3. Discussion

Chemical genetic profiling is an investigating tool that enables us to determine not only the genetic targets of a compound, but also the effect of the compound on different genes and pathways. In addition, it can be used as a powerful tool to identify new gene functions [27,28,64,65]. Complementary assays can be used to generate the chemical-genetic profiles of various compounds. In the current stud y, we used the yeast nonessential gene knockout library to investigate LiCl sensitivity. A more inclusive collection of bar-coded yeast strains containing both essential and nonessential genes with decreased abundance of mRNA perturbation (DAmP) is also available to study chemical genetics [66]. Using this approach, it was shown that the protein product of IPP1 genes, a cytoplasmic inorganic pyrophosphatase is specifically inhibited by NaF [67].
LiCl has been shown to have a broad effect on the expression of different genes and pathways when used as a therapeutic compound, but its exact mechanism of function is not fully understood. Here, we investigated yeast gene deletion mutant strains for their sensitivity to LiCl treatment and identified three genes, NAM7, PUS2, and RPL27B that when deleted, their corresponding deletion mutant strains showed increased sensitivity to LiCl. It has been shown that the over-expression of TIF2 that codes for eIF4A, the helicase enzyme involved in translation initiation step, reverts LiCl sensitivity in yeast cells growing in galactose media [14]. Here, we observed that the over-expression of our candidate genes confer similar phenotypes to that for TIF2, suggesting a linked activity for these gene. The molecular activity of NAM7, PUS2, and RPL27B has not been connected to LiCl sensitivity and the molecular pathways related to that, making them interesting targets for investigation. Yeast cells are sensitive to LiCl treatment due to the accumulation of the galactose intermediate metabolites including galactose-1-p [14,15]. It is suggested that LiCl targets PGM2, the phosphoglucomutase enzyme, and prevents conversion of glucose-1-phosphate to glucose-6-phosphate by changing its expression [29]. In the current study, we show that NAM7, PUS2, and RPL27B affect PGM2 expression. More specifically, we provide evidence that NAM7, PUS2, and RPL27B affect the translation of PGM2 and different reporter β-galactosidase mRNAs and that they exert this activity through the structured 5′-UTR regions of the mRNAs. Very recently we reported on the new activity of two additional genes, YTA6 and YPR096C on the translation of structured mRNAs [23]. Identification of new gene functions that affects this process suggests that the translation of structured mRNAs might be more complicated than originally thought. It appears that different factors can contribute to the translation of these mRNAs and that structured on mRNAs are subjected a more complex regulator network.
The effect of NAM7, PUS2, and RPL27B on the translation of structured mRNAs can be explained in different ways. The simplest explanation is that one or more of these factors might have mRNA helicase activities, which can directly contribute to the unwinding of the structured regions of the mRNA. NAM7 is previously reported to have a helicase activity. Therefore, it is likely that the observed activity of NAM7 in the current study might be linked to its reported helicase function. No helicase activities for PUS2 and RPL27B has been previously reported making the direct unwinding of mRNA structures a less likely explanation for their activities. It is possible that one or more of these factors could influence the activity of other complexes with helicase activity. In this fashion they can play an accessory role in the translation of structured mRNAs. RPL27B codes for a ribosomal protein. A possibility is that the ribosomes in the presence of this factor can translate structured mRNAs more efficiently. Similarly, these factors could modify the activity of other helicases including eIF4A that is known to unwind the structured regions of mRNAs during translation initiation. An alternative explanation is that one or more of these factors may function to recruit other helicases to the mRNA. Pus2p is known to have an RNA binding and modification activity, among others. A possible explanation is that Pus2p may bind/modify mRNAs and by doing so it mediates the recruitment and/or binding of other factors to that region. The mechanisms by which these factors can influence the translation of structured mRNAs merits further investigation.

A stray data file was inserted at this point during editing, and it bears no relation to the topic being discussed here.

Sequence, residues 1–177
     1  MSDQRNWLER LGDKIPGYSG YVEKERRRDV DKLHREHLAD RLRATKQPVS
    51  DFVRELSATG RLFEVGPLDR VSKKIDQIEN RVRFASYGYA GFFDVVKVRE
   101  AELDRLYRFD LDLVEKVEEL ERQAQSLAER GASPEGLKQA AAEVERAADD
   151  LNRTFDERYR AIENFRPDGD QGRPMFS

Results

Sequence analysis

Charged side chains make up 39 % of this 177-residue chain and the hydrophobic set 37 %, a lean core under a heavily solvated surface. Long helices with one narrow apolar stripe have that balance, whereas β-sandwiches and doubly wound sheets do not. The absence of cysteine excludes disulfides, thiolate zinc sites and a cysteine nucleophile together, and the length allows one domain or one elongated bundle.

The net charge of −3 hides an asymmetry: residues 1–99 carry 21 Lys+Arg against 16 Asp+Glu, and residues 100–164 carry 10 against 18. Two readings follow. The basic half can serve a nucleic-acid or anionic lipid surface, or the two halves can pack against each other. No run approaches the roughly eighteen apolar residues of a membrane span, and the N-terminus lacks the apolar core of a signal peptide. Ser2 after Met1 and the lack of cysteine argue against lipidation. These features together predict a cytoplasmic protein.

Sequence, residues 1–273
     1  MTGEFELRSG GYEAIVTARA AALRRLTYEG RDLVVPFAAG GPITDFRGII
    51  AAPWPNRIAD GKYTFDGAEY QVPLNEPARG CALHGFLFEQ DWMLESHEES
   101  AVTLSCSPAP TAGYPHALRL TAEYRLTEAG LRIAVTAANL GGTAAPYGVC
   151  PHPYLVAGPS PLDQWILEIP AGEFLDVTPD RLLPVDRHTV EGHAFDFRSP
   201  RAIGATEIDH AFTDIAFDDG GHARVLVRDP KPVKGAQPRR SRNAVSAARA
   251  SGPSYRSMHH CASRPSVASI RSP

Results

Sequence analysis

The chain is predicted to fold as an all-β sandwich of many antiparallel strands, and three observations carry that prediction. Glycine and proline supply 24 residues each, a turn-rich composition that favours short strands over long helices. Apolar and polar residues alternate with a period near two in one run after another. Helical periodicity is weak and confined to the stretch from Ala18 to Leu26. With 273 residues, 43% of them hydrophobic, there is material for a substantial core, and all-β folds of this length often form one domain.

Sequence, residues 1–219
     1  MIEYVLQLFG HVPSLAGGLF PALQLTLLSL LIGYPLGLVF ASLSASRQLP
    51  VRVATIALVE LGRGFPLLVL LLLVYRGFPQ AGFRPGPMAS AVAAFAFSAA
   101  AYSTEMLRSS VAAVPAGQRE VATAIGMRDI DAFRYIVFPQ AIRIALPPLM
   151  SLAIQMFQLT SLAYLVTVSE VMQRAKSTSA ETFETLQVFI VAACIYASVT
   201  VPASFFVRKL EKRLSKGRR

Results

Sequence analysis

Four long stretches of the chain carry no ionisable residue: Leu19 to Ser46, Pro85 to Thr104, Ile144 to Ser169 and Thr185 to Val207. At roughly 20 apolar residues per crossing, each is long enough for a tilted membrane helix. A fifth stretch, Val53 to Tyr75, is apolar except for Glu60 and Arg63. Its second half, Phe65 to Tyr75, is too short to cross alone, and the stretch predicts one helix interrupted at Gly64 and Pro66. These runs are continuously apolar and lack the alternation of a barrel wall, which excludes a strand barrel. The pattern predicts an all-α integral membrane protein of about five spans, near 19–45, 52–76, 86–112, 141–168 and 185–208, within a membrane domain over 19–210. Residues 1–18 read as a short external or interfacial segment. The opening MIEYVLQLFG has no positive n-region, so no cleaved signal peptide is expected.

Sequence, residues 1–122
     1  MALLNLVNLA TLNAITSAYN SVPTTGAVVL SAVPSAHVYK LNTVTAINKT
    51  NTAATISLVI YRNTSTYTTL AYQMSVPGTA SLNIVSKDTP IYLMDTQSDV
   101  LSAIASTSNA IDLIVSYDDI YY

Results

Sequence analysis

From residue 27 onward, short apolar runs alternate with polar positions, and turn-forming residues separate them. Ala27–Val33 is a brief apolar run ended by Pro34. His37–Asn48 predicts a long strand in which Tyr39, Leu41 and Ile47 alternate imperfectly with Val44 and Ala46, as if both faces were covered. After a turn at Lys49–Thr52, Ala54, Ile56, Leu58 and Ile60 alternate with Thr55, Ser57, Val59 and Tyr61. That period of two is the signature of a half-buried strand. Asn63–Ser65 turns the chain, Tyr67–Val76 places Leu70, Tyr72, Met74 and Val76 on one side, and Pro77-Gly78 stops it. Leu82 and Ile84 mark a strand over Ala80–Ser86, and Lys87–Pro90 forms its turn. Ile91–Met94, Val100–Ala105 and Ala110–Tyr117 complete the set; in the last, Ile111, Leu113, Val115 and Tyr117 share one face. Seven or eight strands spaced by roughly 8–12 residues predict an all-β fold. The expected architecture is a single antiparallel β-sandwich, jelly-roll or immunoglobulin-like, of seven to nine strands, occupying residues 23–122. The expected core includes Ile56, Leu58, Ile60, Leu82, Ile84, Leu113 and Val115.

The connection between LiCl and translation of structured yeast mRNAs observed in the current study may aid in our improved understanding of the BD treatment. It is generally thought that LiCl has a neuroprotection effect, protecting neurons against apoptosis. In light of the current findings, it is possible that LiCl exerts its activity by altering the translation of structured mRNAs involved in apoptosis. In future, it would be interesting to investigate the activity of the structured mRNAs involved in apoptosis of the neuron cells for their involvement in the BD progression. It is possible that the expression of these mRNAs may provide an effective target against BD.

4. Materials and Methods

4.1. Strains, Plasmids, Gene Collections, and Cell and DNA Manipulations